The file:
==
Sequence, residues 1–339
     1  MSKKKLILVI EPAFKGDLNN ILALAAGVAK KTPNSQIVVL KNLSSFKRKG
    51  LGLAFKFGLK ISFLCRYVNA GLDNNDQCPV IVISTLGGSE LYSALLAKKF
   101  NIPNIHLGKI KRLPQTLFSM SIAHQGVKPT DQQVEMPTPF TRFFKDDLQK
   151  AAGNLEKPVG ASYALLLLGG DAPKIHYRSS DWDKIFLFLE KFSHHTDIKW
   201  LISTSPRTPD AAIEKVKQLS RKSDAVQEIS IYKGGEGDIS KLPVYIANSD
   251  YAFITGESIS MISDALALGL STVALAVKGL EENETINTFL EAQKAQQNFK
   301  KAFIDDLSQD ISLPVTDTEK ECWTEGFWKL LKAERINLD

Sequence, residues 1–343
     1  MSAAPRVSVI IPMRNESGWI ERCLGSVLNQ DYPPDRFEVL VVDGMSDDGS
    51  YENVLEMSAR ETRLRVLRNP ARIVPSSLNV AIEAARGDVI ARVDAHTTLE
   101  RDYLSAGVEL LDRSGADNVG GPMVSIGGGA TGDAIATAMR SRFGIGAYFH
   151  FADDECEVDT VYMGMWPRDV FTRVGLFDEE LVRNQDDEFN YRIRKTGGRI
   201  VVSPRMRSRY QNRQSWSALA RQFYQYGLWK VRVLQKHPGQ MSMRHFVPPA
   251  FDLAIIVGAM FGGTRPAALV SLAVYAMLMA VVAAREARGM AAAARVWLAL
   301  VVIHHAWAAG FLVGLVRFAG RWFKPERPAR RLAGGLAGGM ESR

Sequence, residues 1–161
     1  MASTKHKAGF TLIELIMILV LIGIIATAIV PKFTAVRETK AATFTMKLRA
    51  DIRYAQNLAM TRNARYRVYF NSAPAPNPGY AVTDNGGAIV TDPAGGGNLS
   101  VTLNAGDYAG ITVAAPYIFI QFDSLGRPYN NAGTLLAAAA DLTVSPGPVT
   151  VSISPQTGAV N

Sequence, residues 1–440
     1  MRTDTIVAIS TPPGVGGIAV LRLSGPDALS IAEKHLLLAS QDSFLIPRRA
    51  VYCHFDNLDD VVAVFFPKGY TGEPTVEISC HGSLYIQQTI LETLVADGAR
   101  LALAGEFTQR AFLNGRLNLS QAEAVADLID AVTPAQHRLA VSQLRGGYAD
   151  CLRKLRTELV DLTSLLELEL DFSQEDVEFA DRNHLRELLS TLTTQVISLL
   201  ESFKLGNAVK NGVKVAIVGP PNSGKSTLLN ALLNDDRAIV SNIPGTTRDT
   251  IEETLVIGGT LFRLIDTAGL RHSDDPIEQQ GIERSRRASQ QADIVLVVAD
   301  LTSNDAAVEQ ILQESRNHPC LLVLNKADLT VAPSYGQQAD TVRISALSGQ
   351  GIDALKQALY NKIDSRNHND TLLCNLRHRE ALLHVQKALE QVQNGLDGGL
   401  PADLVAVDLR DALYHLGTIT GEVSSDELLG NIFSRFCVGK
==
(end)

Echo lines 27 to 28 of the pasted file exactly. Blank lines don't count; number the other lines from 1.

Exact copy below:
   201  ESFKLGNAVK NGVKVAIVGP PNSGKSTLLN ALLNDDRAIV SNIPGTTRDT
   251  IEETLVIGGT LFRLIDTAGL RHSDDPIEQQ GIERSRRASQ QADIVLVVAD